Bruno Barde, the man behind five festivals including the Deauville American Film Fest, sat down with Variety on the eve of the 41st edition, which opens today with an homage to Keanu Reeves and the French premiere of Baltasar Kormakur’s epic adventure drama “Everest.”
A former high-profile agent and the current boss of Paris-based Public System Cinema, Barde took over the artistic direction of Deauville 20 years ago and has strived to select movies and documentaries that reflect the breath and diversity of contemporary U.S. cinema, as well as its society.
This year, the main theme of the festival is heroism. “American cinema abounds with cult heroic figures; not only in studio movies with superheroes but also in independent films with real people who by virtue become heroes,” said Barde. Many actors who will be honored in Deauville have interpreted these heroes: Reeves with “Matrix” and “Speed”; Orlando Bloom with “The Lord of the Rings” and “Pirates of the Caribbean”; Michael Bay with “Armageddon” and “Transformers”; Ian McKellen with “X-Men”; Robert Pattinson with “Twilight”; and Elizabeth Olsen with “Captain America” and “Avengers.”
“We chose this theme of heroism because it’s what our world needs today and everyday men are capable of it as we recently saw with the American men who stopped the attack in the Thalis,” Barde explained.
Other Deauville honorees include Terrence Malick, Patricia Clarkson and the late Orson Welles.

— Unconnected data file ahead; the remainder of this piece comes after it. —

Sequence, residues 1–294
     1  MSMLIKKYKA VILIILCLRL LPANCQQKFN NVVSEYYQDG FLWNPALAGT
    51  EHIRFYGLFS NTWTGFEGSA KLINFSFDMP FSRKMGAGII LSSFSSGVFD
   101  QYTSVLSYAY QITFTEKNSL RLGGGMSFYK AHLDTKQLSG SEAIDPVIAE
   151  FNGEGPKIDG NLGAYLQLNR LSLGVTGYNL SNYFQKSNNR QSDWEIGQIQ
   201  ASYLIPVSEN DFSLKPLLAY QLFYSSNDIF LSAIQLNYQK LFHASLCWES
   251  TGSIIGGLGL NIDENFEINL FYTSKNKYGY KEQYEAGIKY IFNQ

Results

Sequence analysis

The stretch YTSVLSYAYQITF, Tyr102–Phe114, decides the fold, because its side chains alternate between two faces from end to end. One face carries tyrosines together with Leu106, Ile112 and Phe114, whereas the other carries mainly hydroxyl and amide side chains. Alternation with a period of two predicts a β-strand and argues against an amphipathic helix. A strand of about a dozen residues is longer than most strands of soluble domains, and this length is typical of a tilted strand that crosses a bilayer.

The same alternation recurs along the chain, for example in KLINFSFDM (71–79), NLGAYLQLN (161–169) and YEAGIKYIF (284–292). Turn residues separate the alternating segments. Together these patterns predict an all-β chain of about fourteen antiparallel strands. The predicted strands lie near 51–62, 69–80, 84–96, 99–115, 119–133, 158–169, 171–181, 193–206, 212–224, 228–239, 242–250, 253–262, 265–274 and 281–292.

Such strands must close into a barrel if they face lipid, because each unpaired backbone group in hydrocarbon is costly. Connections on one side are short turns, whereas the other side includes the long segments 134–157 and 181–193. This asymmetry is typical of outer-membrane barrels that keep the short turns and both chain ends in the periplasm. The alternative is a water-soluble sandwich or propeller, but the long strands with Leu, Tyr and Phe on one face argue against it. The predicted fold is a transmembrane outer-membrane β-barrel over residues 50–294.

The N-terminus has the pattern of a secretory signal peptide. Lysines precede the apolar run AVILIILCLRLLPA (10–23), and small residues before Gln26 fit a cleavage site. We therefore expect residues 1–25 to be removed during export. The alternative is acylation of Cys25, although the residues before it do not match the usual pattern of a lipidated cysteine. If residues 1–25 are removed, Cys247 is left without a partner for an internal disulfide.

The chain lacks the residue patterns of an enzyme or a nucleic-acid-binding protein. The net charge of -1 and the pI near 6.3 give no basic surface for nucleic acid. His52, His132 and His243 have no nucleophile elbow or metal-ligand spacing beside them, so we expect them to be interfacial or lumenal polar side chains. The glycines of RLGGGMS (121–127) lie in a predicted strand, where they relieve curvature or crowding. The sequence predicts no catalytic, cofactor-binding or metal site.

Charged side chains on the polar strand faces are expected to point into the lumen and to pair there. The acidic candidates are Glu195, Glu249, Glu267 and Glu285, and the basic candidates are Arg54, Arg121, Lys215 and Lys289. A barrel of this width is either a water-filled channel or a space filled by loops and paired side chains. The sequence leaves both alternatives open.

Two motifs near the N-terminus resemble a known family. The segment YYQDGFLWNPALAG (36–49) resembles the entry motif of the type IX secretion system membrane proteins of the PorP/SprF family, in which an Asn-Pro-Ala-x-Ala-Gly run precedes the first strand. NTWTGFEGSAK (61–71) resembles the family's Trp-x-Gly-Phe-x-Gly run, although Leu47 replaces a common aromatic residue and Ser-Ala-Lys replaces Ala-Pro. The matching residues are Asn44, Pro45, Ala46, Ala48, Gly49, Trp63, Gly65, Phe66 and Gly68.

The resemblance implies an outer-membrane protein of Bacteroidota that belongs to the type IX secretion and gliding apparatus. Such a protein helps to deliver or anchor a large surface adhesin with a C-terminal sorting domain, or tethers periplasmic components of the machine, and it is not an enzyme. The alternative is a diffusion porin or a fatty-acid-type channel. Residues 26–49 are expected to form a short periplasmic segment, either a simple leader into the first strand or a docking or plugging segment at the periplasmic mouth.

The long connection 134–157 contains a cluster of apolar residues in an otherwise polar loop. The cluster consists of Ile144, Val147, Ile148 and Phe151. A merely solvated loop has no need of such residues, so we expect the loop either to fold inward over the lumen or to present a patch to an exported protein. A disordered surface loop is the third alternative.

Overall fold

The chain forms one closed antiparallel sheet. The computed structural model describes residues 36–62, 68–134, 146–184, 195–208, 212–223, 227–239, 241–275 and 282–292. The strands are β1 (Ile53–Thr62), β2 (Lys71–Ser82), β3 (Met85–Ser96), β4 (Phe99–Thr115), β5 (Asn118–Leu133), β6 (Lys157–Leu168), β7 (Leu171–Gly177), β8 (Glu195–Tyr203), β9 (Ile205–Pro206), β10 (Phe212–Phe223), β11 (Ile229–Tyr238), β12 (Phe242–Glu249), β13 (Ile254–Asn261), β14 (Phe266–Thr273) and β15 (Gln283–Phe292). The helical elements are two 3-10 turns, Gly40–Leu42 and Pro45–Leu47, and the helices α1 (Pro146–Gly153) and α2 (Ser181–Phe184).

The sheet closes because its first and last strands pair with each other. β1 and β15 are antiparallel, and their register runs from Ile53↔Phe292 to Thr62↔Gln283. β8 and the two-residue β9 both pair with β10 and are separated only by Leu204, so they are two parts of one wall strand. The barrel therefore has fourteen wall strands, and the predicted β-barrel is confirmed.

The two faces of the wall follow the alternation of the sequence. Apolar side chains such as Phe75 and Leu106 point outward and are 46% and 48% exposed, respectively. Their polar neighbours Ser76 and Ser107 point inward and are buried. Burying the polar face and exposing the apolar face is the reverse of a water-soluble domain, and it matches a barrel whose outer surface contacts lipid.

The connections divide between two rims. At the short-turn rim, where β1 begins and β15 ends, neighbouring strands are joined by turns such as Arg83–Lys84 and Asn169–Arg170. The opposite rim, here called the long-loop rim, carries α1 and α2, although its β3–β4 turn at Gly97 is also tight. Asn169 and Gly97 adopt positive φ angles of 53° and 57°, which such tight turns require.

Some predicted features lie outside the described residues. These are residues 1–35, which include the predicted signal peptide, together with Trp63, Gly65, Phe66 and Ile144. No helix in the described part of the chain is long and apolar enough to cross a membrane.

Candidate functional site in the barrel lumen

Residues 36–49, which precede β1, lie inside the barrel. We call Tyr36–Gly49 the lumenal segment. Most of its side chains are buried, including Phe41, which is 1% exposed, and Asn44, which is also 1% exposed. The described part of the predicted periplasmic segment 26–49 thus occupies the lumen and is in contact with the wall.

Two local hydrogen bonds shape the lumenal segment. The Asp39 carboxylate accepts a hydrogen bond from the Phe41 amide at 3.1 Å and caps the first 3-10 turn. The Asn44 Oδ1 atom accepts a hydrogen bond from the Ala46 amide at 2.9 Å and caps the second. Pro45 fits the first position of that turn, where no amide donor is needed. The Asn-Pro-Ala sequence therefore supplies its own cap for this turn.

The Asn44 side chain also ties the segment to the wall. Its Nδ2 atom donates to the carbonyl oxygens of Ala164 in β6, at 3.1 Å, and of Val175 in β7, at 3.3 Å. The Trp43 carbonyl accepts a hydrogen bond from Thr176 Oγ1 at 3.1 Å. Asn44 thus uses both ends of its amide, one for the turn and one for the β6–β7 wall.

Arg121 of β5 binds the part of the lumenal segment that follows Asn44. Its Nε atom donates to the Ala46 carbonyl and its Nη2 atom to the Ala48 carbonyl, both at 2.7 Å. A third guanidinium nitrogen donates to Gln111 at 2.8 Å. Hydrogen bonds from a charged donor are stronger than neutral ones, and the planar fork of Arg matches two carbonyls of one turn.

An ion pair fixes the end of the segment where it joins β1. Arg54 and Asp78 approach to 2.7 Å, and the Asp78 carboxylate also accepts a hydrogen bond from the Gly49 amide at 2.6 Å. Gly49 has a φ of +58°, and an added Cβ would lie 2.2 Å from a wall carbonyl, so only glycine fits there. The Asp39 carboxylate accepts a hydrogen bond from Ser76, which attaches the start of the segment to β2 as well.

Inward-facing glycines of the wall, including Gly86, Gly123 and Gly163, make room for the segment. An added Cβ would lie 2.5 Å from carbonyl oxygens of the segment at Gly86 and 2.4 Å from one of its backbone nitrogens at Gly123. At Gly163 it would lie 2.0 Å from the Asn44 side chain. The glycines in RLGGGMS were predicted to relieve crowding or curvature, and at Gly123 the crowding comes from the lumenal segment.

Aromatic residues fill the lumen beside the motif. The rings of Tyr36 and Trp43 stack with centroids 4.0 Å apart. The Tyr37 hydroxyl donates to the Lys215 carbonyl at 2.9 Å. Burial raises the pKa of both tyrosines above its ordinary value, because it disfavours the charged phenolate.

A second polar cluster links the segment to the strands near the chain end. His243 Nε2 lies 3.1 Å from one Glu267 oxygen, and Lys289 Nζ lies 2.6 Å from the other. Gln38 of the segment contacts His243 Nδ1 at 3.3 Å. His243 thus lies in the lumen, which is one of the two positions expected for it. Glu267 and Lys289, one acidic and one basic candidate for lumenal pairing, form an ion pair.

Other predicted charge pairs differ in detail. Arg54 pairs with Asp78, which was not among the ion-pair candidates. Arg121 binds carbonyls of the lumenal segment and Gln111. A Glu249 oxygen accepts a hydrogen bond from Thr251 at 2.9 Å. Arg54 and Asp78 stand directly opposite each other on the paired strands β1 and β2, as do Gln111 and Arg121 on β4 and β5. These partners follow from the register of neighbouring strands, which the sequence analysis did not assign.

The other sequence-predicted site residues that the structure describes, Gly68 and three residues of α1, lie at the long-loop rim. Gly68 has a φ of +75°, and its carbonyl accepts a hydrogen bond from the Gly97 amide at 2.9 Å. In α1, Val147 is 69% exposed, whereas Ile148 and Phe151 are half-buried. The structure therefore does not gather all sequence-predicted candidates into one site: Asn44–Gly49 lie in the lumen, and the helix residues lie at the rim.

Barde, who seems more into debating films, society and philosophy than mundane red-carpet topics, says he’s not looking to win a popularity contest and argues he’s not into the circus of chasing world premieres at all costs.
Year after year, Deauville has sharpened its focus on indie films rather than studio movies; a trend that illustrates the U.S. market evolution, per Barde. “The U.S. produces 707 movies, including 110 from studios and 597 from independent producers, so our selection is shaped by this trend.”
Many films set to compete have a social streak, whether they’re dramas, dark comedies or genre movies. Ramin Bahrani’s “99 Homes” deals with a man who faces foreclosure and ends up working with a greedy real estate broker; Jeremy Saulnier’s “Green Room” is about a band of punk rockers coming across a violent white-supremacist gang; Morgan Krantz’s “Babysitter” centers around a broken family; Chloé Zhao’s “Songs That My Mother Taught Me” is about a high school grad from the Pine Ridge Indian Reservation community who comes to L.A. looking for a job; Jon Watts’ “Cop Car” turns on a shady small-town sheriff hunting for two kids who stole his car; Zoe Cassavetes’ “Day of Our Days” depicts the journey of a fortysomething actress struggling to keep her dignity while trying to find roles in Hollywood; Hank Bedford’s “Dixieland” is about a young ex-con who moves into a trailer park in the Deep South with his girlfriend but relapses into crime; Rick Famuyiwa’s “Dope” focuses on an African-American geek from the L.A. projects who wants to become hip by every means; Michael Thelin’s “Emelie” is about a young couple who come across a dangerous babysitter; and Adam Salky’s “I Smile Back” tells the tale of a woman who hides her personal turmoil to pretend a perfect life.
“All these indie films tackle social, political, sexual issues with real characters who are grounded in society,” said Barde.
Deauville will wrap Sept. 12 with the French premiere of Denis Villeneuve’s “Sicario.”